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Conversations 101 for People with Asperger's

written by: Debbie Roome • edited by: Elizabeth Wistrom • updated: 4/27/2011

People with Asperger’s syndrome have problems with social skills and these include the ability to hold a two way conversation. Read on for tips and advice on how they can improve conversation skills.

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    Tips for Improving Asperger’s Conversation Skills

    People with Asperger’s often want to interact and be friendly but go about it in the wrong way. For social conversation practice, Asperger's sufferers can try the following:

    • Introduce a varied tone and inflection into your voice. A speech therapist can help with this and so can singing. Listen to how other people speak and copy their rhythm and style.
    • Give the other person a chance to talk. Launching a monologue is not the way to build a friendship or engage in a casual conversation.
    • Acknowledge what the other person is saying and make reference to it to show interest.
    • If you do not understand what the other person means, ask them to clarify what they have just said. This is preferable to changing the topic of conversation.
    • Don’t interrupt when someone is speaking. Wait for them to finish speaking.
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    Suggested Conversation Starters for Asperger’s People

    While conversation is intuitive for most people, it is a learned skill for those with Asperger’s syndrome. With practice and perseverance, many of them can learn to hold a meaningful conversation with those around them. Here are some suggested ways of starting a conversation:

    • Mention a recent event that has been in the news and ask the person what they thought about it.
    • Discussing the weather is always a suitable way to start a conversation.
    • Ask the person a question about their plans for the day, whether they are busy or if they have anything special on this week.
    • If you know they have an interest in a certain type of music or books, ask them if they heard or read anything good recently.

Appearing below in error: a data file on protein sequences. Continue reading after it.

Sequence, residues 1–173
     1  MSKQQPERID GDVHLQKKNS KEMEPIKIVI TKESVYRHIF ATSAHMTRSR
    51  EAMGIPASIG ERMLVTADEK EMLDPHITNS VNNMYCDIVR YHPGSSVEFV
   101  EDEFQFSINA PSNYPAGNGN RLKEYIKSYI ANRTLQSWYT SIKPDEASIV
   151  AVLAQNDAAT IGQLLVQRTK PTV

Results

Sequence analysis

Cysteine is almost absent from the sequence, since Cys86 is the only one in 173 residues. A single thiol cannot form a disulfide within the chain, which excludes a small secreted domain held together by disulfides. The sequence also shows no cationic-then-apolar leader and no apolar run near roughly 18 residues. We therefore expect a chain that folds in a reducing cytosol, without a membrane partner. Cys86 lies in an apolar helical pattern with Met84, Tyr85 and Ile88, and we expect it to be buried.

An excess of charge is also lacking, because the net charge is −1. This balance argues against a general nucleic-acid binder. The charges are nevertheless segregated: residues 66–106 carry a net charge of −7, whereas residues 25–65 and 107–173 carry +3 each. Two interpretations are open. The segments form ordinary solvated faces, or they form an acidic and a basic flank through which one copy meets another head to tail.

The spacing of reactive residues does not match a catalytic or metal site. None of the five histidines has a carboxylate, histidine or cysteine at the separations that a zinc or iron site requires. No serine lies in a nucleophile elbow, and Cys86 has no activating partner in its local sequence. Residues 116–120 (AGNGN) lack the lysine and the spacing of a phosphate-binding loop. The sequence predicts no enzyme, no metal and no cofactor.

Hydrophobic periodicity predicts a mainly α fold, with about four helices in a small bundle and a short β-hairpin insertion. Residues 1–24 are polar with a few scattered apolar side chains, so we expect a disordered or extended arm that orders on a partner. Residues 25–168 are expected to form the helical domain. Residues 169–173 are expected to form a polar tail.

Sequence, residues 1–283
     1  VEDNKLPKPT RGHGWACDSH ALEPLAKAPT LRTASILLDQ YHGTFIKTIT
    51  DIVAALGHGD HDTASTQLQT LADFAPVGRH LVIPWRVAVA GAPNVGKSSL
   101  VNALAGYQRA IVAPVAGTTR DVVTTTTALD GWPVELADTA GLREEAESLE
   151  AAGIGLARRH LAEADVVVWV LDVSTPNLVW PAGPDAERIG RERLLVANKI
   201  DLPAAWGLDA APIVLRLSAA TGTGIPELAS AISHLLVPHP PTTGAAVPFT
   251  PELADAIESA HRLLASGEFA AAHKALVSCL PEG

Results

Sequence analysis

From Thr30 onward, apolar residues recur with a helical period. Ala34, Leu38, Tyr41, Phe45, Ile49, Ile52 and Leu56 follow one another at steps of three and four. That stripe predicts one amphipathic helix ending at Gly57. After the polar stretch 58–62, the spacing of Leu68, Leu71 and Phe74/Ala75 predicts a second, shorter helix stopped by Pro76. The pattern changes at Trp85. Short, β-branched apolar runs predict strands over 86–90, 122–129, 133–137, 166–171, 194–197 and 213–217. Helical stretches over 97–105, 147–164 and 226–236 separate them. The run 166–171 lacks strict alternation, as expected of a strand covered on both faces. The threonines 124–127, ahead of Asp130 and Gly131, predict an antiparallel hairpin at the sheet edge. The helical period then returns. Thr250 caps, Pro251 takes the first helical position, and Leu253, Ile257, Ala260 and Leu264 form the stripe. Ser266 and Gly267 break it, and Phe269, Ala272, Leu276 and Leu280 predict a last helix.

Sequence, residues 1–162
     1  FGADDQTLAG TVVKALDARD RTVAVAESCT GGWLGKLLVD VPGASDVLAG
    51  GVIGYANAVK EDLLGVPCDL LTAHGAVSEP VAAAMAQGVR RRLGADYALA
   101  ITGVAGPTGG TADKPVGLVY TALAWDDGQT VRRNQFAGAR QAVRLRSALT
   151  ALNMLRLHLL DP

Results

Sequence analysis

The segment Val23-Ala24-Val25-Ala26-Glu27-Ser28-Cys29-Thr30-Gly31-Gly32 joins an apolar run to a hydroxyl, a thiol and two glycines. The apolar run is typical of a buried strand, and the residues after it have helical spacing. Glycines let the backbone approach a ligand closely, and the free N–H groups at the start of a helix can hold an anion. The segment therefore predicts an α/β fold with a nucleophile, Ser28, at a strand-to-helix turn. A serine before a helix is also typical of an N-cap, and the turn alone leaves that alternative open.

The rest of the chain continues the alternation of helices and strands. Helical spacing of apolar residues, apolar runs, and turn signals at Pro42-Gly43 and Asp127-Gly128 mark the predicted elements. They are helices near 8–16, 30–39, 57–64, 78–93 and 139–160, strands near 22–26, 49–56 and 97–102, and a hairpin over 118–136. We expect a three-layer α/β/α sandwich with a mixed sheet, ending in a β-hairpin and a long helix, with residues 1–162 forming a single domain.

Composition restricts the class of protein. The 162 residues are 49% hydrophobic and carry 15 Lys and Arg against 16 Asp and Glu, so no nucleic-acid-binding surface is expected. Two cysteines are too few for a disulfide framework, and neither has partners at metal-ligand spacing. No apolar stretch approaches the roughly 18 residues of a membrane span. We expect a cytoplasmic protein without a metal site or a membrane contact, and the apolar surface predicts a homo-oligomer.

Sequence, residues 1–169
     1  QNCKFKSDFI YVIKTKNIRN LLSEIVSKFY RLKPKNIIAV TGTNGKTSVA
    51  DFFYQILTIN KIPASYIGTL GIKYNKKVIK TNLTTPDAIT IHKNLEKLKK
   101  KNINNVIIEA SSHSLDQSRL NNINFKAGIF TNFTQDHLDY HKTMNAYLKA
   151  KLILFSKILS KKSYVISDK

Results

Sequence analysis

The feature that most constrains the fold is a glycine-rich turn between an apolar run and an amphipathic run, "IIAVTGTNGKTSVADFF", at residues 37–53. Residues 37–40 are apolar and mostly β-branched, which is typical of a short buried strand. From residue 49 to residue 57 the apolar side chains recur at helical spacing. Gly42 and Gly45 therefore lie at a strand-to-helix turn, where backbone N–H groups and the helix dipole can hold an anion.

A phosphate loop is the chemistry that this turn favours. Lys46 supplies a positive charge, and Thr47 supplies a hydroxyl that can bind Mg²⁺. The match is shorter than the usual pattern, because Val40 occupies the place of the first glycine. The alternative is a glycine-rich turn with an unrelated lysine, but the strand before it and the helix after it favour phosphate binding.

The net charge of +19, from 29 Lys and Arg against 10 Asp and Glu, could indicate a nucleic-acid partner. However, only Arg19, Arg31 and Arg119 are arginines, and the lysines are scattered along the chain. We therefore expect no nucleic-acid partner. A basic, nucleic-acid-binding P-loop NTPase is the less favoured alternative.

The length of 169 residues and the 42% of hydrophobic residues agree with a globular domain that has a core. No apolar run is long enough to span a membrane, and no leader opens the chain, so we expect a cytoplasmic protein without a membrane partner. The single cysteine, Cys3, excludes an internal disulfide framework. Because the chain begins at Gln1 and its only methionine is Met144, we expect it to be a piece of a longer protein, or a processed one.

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    Asperger’s and Body Language in Conversation

    Poor social skills include the inability of Asperger’s syndrome people to read body language. Many say they do not understand facial expression or the signs that a person is bored or needs to move on to do something else. It is possible for them to learn the signs as an academic exercise and this will give them greater confidence when interacting with other people. The types of body language to look at are as follows:

    • Eye contact is important in conversation. Even if you cannot maintain it, make an effect to look into the other person’s eyes from time to time. This shows connection and interest.
    • Don’t stand too close or too far from a person. Watch others to see what is an acceptable distance.
    • Crossed arms can look defensive. Rather use hands and arms to express what you are saying.

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    Conversation Practice Suggestions

    Conversation skills are not intuitive to those with Asperger’s, so it is important that they learn how to interact and then practice this knowledge until it becomes part of their behavior patterns. Here are some ways to work on conversation skills:

    • Watch movies of people having a conversation and imitate the way they stand and the tone of voice they use.
    • Speech therapists can help Asperger’s people to speak in a more natural tone of voice and use language that is appropriate to casual conversation.
    • During social conversation practice, Asperger’s people can stand in front of a mirror and watch their body language and work on looking more relaxed and friendly.

    Conversation skills are generally weak in people with Asperger’s syndrome but there are a number of ways they can improve on them. Family and friends who understand the condition can also help by coaching the person in the appropriate ways to speak and stand.

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    References

    The Complete Guide to Asperger’s Syndrome by Tony Attwood, Jessica Kingsley Publishers, 2007

    http://www.ninds.nih.gov/disorders/asperger/detail_asperger.htm 25th April 2011

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